By the 15th century the carol was also considered as art music. During this time, elaborate arrangements were made and carols were considered an important contribution to English medieval music. The Fayrfax Manuscript, a court songbook featuring carols, was written by the end of the 15th century. The songs were written for 3 or 4 voices and themes were mostly on the Passion of Christ.

By the 16th century though, the popularity of carols faltered, almost disappearing entirely if not for the revival that happened by the middle of the 18th century. Most of the carols we know today were written during this period. Instead of singing in private places, church choirs began singing Christmas carols with biblical themes as well as the first street carolers began a new Christmas tradition.

A few of the old favorite authors and composers are as listed:

"Silent Night" was written as a poem by Pastor Joseph Mohr on Christmas Eve in 1818. Because the church organ was broken, the church organist, Felix Gruber, wrote music to the words and played a guitar as he, the pastor and church choir sang.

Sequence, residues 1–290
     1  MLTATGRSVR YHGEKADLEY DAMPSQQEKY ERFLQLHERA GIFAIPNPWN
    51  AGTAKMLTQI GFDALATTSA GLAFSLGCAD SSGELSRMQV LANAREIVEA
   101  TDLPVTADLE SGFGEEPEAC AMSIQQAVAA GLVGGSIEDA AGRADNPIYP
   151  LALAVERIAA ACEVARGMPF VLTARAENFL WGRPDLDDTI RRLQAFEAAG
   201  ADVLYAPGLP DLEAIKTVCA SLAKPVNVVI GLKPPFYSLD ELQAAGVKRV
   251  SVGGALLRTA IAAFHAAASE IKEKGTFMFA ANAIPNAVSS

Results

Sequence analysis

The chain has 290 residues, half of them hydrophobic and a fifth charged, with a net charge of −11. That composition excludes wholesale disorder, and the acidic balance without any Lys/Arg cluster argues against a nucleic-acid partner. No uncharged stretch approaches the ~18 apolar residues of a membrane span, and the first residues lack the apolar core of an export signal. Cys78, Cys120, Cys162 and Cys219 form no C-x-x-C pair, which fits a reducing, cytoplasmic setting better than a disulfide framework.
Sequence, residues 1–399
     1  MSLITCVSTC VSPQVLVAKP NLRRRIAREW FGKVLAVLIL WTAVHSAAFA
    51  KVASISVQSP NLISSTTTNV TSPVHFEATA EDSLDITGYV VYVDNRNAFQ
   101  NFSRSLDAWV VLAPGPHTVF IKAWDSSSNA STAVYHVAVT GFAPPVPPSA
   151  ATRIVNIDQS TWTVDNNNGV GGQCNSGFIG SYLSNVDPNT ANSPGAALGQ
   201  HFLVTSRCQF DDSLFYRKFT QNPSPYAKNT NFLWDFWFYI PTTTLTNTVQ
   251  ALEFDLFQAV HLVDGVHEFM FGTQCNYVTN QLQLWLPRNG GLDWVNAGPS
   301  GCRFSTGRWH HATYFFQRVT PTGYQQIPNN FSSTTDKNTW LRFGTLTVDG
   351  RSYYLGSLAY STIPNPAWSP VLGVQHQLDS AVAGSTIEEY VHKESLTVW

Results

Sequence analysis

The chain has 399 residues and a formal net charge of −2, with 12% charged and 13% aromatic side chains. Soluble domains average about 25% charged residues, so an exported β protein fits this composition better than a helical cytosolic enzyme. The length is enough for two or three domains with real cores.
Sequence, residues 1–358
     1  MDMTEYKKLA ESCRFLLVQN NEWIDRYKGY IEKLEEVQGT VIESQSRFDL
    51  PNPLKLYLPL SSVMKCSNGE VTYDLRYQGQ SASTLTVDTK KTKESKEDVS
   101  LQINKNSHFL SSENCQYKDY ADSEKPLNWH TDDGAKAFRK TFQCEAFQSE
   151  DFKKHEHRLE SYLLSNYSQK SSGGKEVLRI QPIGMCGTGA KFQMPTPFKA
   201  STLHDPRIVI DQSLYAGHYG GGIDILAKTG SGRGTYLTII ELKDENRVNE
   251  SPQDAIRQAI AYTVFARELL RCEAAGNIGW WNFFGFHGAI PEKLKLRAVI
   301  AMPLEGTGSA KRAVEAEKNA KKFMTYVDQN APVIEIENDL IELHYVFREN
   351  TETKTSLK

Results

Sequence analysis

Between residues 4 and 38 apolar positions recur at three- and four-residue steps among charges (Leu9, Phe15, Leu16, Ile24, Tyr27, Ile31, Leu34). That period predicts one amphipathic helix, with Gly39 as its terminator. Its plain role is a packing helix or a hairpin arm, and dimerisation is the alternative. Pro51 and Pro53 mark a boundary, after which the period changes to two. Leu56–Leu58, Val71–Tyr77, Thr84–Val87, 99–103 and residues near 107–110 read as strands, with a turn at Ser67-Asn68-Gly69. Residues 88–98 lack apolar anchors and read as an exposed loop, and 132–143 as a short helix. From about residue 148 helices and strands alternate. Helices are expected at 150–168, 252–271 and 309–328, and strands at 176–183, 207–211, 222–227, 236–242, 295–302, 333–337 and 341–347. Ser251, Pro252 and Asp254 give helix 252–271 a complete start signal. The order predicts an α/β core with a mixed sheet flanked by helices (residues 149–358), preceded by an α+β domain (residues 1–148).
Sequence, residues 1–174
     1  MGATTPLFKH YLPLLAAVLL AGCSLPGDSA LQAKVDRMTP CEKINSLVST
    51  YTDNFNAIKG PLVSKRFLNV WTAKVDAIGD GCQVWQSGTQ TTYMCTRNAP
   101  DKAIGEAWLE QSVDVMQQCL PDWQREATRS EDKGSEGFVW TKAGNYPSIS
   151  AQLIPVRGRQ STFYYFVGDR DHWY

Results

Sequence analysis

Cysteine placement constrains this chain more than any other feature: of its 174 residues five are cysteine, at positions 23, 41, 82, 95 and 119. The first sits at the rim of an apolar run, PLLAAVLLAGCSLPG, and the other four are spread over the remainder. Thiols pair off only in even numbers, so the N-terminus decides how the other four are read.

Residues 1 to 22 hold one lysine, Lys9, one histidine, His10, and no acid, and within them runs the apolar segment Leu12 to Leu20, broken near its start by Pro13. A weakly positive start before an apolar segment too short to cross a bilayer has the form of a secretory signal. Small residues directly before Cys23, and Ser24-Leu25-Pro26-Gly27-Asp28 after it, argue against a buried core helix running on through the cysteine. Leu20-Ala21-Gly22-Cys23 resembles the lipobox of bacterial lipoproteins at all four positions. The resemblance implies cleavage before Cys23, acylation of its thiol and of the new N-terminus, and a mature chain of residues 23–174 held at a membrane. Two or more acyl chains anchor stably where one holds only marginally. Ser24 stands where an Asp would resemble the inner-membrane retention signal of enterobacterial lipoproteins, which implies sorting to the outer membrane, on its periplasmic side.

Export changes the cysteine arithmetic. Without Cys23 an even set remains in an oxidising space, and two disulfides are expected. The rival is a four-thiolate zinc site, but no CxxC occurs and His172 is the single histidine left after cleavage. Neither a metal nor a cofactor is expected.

"Joy to the World" was written by Issac Watts as part of his version of Psalm 98. The composer of the music for this carol is not known.
  
Take Care & Happy Holidays......

Credit:  http://musiced.about.com/od/christmasnewyeararticles/a/carols.htm
http://www.helium.com/items/1271462-origin-of-christmas-carols
Photo Credit: http://decor-decors.com/wp-content/uploads/2011/11/Lovely-Christmas-Carols-4.jpg

Sunday, December 9, 2012

Christmas Food Traditions From Around the World !!!!


 Christmas dinner traditions couldn't be more different across the globe. Here's a look at how other cultures celebrate and how you might incorporate their ideas into your own festivities. 
 

United Kingdom
Turkey is the star of Christmas dinner in the United Kingdom — not so different from many tables in the U.S. Classic accompaniments are bread sauce (a thick, textured sauce made with day-old bread) and Christmas pudding.
Pudding — a dense, moist cake made with fruit, spices, nuts and brandy — is steamed for hours and typically made weeks ahead of time. The day it's made is known as Stir-up Sunday, when each family member stirs the batter and makes a wish.

Then, the Christmas pudding is stored away for weeks and allowed to mature. On Christmas day, the pudding is steamed again. When it's time to serve, the pudding is doused in flaming brandy.

Japan
KFC — yep, the fried chicken chain — is the hot place for take-out on Christmas in Japan. It's so popular that the chain lets customers reserve their Christmas party buckets two months in advance. The family-size meal, about $40, has fried chicken, salad and chocolate cake.

Caribbean